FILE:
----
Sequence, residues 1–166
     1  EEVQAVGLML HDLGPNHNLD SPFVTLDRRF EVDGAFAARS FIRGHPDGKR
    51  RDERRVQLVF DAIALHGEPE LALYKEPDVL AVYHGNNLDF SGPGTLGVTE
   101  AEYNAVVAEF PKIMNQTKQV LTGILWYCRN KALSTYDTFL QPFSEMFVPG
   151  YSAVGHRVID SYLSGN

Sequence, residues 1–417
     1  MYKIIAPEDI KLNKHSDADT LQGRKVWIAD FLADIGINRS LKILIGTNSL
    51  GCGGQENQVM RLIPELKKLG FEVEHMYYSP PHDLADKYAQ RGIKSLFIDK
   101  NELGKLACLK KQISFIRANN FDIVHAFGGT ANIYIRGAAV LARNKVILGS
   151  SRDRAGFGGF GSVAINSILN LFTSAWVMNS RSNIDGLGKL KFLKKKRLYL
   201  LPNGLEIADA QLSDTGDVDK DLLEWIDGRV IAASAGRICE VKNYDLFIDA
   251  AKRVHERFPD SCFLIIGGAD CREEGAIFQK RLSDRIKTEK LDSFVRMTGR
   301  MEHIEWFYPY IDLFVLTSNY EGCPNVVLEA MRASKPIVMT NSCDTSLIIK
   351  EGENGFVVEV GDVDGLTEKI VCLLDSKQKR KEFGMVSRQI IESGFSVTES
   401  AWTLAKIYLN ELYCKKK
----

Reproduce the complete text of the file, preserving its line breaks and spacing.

Sequence, residues 1–166
     1  EEVQAVGLML HDLGPNHNLD SPFVTLDRRF EVDGAFAARS FIRGHPDGKR
    51  RDERRVQLVF DAIALHGEPE LALYKEPDVL AVYHGNNLDF SGPGTLGVTE
   101  AEYNAVVAEF PKIMNQTKQV LTGILWYCRN KALSTYDTFL QPFSEMFVPG
   151  YSAVGHRVID SYLSGN

Sequence, residues 1–417
     1  MYKIIAPEDI KLNKHSDADT LQGRKVWIAD FLADIGINRS LKILIGTNSL
    51  GCGGQENQVM RLIPELKKLG FEVEHMYYSP PHDLADKYAQ RGIKSLFIDK
   101  NELGKLACLK KQISFIRANN FDIVHAFGGT ANIYIRGAAV LARNKVILGS
   151  SRDRAGFGGF GSVAINSILN LFTSAWVMNS RSNIDGLGKL KFLKKKRLYL
   201  LPNGLEIADA QLSDTGDVDK DLLEWIDGRV IAASAGRICE VKNYDLFIDA
   251  AKRVHERFPD SCFLIIGGAD CREEGAIFQK RLSDRIKTEK LDSFVRMTGR
   301  MEHIEWFYPY IDLFVLTSNY EGCPNVVLEA MRASKPIVMT NSCDTSLIIK
   351  EGENGFVVEV GDVDGLTEKI VCLLDSKQKR KEFGMVSRQI IESGFSVTES
   401  AWTLAKIYLN ELYCKKK